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Adsorption of Cu(II) to ferrihydrite and ferrihydrite-bacteria composites: importance of the carboxyl group for Cu mobility in natural environments
journal contributionposted on 2012-09-01, 00:00 authored by Ellen MoonEllen Moon, C L Peacock
Bacterially associated iron (hydr)oxide composites are widespread in natural environments, and by analogy with isolated iron (hydr)oxides and bacteria, are important scavengers of dissolved trace-metals. We precipitated ferrihydrite via rapid Fe(III) hydrolysis in the absence and presence of the non-Fe metabolising, Gram-positive bacterium Bacillus subtilis, commonly found in natural waters, soils and sediments. We combined XRD, SEM, BET and Fe K-edge EXAFS to examine the mineralogy, morphology and crystallinity of the ferrihydrite composites. We find that the mineral fraction of the composites is unaltered in primary mineralogy, morphology and crystallinity compared to pure ferrihydrite. We then measured the adsorption of Cu to ferrihydrite and the ferrihydrite-B. subtilis composites as a function of pH and the ferrihydrite:bacteria mass ratio of the composites, and used EXAFS to determine the molecular mechanisms of Cu adsorption. We determine directly for the first time that Cu uptake by ferrihydrite-B. subtilis composites is the result of adsorption to both the ferrihydrite and B. subtilis fractions. Adsorption of Cu by the B. subtilis fraction results in significant Cu uptake in the low pH regime (pH ∼4, ∼20% of [Cu]total) and significantly enhanced Cu uptake in the mid pH regime. This composite sorption behaviour is in stark contrast to pure ferrihydrite, where Cu adsorption is negligible at low pH. Overall, for composites dominated by either ferrihydrite or B. subtilis, the bacterial fraction is exclusively responsible for Cu adsorption at low pH while the ferrihydrite fraction is predominantly responsible for adsorption at high pH. Furthermore, with an increased mass ratio of bacteria, the dominance of Cu adsorption to the bacterial fraction persists into the mid pH regime and extends significantly into the upper pH region. As such, the distribution of the total adsorbed Cu between the composite fractions is a function of both pH and the ferrihydrite:bacteria mass ratio of the composite. EXAFS shows that Cu adsorbs to ferrihydrite as an inner-sphere, (CuO4Hn)n-6bidentate edge-sharing complex; and to ferrihydrite composites as an inner-sphere, (CuO5Hn)n-8monodentate complex with carboxyl surface functional groups present on the bacterial fraction plus the bidentate edge-sharing complex on the ferrihydrite fraction. Our new results combined with previous work on Cu sorption to bacteria, humic substances and iron (hydr)oxides coated with humics, demonstrate the universal importance of the carboxyl moiety for Cu sorption and mobility in natural environments. Taken together these results show that Cu-carboxyl binding is the predominant mechanism by which Cu interacts with abiotic and biotic organic matter, and provides a ubiquitous control on Cu fate and mobility in natural waters, soils and sediments. Our results indicate that in environments where a significant proportion of iron (hydr)oxides are intimately intermixed with an organic fraction, we must consider Cu sequestration by these composites in addition to pure mineral phases.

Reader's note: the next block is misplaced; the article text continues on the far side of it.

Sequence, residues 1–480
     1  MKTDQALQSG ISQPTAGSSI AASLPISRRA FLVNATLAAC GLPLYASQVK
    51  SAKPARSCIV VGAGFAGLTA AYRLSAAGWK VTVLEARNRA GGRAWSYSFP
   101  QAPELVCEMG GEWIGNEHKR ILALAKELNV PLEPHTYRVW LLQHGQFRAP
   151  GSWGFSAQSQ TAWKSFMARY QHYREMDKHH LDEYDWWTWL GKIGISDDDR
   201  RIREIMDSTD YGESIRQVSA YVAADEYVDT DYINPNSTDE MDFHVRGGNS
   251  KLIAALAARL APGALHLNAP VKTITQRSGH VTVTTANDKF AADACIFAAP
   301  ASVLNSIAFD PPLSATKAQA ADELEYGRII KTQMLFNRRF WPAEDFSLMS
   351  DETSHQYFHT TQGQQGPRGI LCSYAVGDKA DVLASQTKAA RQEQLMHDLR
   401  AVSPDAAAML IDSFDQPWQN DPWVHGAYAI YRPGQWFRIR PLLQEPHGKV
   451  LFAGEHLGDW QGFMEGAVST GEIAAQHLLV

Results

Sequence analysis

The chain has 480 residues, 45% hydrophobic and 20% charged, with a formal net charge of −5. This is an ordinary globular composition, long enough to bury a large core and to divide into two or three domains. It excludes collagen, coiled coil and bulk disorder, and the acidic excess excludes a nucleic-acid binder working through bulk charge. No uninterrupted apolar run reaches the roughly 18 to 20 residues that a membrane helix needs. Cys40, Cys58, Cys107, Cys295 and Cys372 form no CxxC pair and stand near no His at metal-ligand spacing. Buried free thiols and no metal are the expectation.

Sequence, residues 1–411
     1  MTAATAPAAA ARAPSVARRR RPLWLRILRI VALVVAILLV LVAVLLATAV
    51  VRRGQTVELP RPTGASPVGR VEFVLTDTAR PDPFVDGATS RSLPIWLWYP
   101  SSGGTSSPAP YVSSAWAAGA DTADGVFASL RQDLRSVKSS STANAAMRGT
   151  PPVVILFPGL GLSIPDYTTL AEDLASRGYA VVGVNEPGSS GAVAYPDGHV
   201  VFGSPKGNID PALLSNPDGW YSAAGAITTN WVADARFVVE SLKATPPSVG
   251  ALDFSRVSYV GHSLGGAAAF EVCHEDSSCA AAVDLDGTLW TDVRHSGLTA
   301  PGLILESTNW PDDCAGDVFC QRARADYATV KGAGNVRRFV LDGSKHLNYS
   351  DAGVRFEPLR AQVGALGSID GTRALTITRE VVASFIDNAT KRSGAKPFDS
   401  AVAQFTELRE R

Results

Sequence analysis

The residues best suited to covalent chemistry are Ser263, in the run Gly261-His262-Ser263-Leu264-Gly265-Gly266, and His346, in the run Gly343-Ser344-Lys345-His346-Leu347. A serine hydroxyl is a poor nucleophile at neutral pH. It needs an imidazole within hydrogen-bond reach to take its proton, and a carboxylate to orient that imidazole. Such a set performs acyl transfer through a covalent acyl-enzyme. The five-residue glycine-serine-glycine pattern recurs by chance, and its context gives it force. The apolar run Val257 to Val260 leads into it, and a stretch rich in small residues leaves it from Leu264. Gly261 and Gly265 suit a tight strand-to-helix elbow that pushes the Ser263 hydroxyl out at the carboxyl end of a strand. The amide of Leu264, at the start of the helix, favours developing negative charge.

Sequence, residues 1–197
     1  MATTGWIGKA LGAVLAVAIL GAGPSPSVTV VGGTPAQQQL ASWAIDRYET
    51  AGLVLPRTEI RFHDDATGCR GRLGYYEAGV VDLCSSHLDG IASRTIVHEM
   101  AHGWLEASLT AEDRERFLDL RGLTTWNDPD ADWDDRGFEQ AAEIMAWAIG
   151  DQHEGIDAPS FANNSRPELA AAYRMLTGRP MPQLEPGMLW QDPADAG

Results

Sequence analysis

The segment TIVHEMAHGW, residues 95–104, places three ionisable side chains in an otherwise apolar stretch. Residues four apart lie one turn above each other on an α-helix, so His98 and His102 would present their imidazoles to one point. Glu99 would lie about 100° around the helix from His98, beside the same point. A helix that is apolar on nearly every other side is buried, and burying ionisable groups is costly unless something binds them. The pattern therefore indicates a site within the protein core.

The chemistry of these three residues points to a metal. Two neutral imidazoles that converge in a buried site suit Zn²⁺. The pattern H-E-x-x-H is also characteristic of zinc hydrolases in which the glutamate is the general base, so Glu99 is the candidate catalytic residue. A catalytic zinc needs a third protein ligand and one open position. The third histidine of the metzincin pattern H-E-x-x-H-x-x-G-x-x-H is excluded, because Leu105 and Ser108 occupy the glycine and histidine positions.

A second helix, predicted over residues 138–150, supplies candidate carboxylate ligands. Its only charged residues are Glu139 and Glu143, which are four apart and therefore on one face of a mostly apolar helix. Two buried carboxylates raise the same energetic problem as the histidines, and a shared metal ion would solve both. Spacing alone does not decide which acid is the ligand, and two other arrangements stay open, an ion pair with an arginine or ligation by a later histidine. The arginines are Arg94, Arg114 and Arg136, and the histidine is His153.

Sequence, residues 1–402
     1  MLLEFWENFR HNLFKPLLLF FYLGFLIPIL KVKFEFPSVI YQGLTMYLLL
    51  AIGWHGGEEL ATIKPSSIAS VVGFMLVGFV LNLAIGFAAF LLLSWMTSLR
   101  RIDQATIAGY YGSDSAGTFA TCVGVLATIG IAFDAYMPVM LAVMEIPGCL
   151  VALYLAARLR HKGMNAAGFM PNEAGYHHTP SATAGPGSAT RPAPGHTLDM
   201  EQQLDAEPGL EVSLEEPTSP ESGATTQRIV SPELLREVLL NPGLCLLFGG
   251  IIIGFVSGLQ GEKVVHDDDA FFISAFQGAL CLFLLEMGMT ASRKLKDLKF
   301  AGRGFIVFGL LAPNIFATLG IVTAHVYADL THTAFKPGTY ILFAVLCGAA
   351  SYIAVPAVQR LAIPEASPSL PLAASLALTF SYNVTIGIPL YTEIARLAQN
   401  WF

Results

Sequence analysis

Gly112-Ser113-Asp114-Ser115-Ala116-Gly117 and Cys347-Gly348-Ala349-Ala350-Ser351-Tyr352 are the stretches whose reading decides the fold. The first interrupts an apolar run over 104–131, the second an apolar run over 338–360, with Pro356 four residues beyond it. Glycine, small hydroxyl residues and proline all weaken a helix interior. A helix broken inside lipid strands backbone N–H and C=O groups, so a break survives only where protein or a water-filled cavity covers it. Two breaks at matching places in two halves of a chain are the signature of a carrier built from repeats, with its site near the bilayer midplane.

JournalGeochimica et cosmochimica acta
Pagination203 - 219
LocationAmsterdam, The Netherlands
Publication classificationC1.1 Refereed article in a scholarly journal
Copyright notice2012, Elsevier Ltd.
Cu(II)ferrihydriteferrihydrite–bacteriacarboxyl groupCu mobilitynatural environmentsScience & TechnologyPhysical SciencesGeochemistry & GeophysicsSURFACE CHEMICAL HETEROGENEITYDISSOLVED ORGANIC-MATTERIRON-OXIDESSUBTERRANEAN ENVIRONMENTBACILLUS-SUBTILISEXAFS SPECTROSCOPYCOMPLEXATION MODELHYDROTHERMAL VENTSMETAL ADSORPTIONHUMIC SUBSTANCESGeochemistryGeology